The Consumer Financial Protection Bureau launched its website last week, and already it has 1,288 Facebook friends. There are videos of bureau employees responding to comments posted by consumers on Twitter, Facebook and Youtube.
In short, this is not your grandfather’s federal agency.
“For the first time in many years we have the opportunity to create a brand-new consumer agency from the ground up,” Elizabeth Warren, a former Harvard professor who is leading the effort to start the new agency, says in a video on the site. “We want to make sure that you are with us all the way while we build it.”
[Resource: Do-It-Yourself Debt Reduction]
She’s doing a good job so far. Take a minute to compare the bureau’s new site with the older website of its closest cousin, the FTC’s Consumer Protection Bureau. Like most websites for federal agencies, the Consumer Protection Bureau’s site is really ugly, with buttons and links layered on top of one anther, giving consumers no intuitive place to go once they arrive.
The CFPB’s new site, on the other hand, is very Web 3.0. Lots of white space. A simple bar across the top with navigation options.
And then there’s the much-balyhooed links to social media. Warren has said she wants the first consumer agency of the 21st Century to actually operate like it’s of this century, which means supplementing the cumbersome old complaint process (“Write us a letter, wait two years and maybe we’ll get back to you”) with a streamlined approach that relies on Twitter and Facebook to learn of new financial scams as they’re developing.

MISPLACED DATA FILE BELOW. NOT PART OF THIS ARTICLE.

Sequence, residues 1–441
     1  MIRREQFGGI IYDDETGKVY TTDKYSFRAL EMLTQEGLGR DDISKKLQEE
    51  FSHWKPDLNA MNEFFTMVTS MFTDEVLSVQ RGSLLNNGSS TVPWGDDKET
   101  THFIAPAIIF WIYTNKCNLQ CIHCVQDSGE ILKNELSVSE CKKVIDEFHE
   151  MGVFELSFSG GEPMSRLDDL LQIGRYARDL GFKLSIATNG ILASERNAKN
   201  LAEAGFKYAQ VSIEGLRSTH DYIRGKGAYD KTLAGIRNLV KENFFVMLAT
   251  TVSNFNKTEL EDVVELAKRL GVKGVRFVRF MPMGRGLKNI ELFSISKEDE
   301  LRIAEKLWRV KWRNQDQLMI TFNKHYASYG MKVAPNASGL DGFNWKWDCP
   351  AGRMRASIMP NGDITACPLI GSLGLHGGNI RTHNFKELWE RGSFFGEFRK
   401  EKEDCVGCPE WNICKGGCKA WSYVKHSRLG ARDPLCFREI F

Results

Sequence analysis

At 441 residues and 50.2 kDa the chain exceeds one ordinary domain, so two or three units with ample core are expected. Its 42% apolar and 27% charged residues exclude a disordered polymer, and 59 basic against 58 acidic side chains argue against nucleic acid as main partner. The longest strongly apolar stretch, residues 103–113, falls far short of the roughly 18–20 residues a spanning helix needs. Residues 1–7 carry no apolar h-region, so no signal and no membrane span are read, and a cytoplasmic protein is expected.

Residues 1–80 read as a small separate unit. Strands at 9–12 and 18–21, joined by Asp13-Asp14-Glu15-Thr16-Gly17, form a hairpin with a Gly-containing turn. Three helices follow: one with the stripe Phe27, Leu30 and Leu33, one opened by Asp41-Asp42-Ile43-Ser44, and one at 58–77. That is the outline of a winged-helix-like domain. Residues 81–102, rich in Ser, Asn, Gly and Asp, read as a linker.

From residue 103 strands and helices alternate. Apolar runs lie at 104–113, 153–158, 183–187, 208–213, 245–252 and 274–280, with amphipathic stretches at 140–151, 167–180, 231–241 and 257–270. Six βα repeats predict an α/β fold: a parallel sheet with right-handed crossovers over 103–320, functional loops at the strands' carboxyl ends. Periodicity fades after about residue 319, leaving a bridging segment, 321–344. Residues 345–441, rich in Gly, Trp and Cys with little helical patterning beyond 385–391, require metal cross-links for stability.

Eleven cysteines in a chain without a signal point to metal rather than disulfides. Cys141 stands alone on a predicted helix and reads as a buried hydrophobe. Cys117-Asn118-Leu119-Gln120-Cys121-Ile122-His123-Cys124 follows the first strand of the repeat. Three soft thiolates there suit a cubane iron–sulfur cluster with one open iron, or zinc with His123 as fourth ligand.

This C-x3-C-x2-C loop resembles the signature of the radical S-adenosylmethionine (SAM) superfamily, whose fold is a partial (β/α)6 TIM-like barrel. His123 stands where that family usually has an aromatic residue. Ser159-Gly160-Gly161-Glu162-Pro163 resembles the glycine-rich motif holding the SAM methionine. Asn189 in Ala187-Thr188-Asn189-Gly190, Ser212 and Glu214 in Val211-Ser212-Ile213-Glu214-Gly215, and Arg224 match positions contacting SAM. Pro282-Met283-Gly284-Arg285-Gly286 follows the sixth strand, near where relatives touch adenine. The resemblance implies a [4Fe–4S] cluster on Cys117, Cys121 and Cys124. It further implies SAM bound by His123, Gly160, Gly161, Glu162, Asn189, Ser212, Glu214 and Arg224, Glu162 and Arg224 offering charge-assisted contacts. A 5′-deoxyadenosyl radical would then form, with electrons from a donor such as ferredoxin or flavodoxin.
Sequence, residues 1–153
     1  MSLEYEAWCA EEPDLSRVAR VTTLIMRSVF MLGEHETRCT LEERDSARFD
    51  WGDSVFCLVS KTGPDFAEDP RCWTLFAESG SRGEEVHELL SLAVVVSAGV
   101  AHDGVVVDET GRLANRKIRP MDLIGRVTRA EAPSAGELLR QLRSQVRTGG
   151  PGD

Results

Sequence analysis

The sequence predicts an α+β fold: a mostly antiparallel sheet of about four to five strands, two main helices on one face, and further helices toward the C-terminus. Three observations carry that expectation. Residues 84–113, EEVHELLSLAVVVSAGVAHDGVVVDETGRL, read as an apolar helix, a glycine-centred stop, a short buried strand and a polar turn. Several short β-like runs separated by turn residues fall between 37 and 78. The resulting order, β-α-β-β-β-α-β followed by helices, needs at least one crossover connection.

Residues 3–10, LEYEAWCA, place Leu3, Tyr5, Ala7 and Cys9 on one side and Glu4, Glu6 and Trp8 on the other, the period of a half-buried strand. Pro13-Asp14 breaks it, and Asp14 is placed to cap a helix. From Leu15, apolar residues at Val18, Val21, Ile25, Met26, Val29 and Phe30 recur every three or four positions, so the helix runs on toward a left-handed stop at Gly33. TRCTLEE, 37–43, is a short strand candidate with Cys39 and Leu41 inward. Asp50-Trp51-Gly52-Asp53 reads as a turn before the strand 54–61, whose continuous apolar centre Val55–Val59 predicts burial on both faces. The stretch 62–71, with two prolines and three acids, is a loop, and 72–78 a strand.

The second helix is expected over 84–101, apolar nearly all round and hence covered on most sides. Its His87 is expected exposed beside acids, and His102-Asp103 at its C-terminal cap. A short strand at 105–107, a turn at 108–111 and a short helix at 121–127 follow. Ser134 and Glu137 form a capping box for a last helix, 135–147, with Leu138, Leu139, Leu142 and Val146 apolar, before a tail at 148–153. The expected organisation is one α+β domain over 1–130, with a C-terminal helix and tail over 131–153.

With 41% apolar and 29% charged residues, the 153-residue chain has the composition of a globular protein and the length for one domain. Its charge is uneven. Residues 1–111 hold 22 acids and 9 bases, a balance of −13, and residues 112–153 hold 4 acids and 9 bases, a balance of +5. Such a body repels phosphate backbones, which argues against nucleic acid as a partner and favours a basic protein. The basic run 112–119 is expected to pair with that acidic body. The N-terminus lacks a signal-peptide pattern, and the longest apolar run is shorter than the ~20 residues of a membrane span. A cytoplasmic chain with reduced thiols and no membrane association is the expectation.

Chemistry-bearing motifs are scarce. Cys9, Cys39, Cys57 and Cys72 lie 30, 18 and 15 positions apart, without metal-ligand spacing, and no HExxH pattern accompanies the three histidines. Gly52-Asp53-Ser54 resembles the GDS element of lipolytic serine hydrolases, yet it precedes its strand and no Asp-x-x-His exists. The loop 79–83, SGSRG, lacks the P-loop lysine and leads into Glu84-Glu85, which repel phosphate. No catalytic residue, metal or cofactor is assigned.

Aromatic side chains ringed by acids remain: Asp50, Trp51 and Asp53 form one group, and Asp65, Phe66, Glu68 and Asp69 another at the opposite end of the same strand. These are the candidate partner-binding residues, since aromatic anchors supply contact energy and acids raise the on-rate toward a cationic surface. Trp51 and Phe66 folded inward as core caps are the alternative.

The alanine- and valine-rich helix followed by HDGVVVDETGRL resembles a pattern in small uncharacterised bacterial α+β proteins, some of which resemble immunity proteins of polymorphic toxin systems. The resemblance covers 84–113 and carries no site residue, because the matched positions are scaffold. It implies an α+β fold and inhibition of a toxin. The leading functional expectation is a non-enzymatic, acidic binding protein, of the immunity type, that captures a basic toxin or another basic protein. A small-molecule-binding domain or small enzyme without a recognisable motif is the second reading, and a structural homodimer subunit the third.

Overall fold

[Credit.com Survey: Only 50 per cent Have Recently Checked Their Credit Reports]
“We wanted to start the website for one very important reason,” Warren says in the site’s first video, “to start a conversation with you.”
As one might expect, so far that conversation is all over the map. A single thread on the bureau’s Facebook page contains a suggestion for a federal usury law, a request for help in finding a trustworthy financial advisor, and a complaint that “Banking institutions have become wilder than the outlaws of the old west.”
Of course, there may be an ulterior motive for the agency to work so hard at building an online community. Large banks and leading Republicans have made no secret of their wish to gut the new bureau’s power, either by cutting its budget rewriting parts of the Dodd-Frank reform law that created it. The bureau needs friends, fast, and it’s unlikely to find many on Wall Street.
Luckily for the bureau, it added three new Facebook friends in the time it took me to write this post. Its total as of right now: 1,291.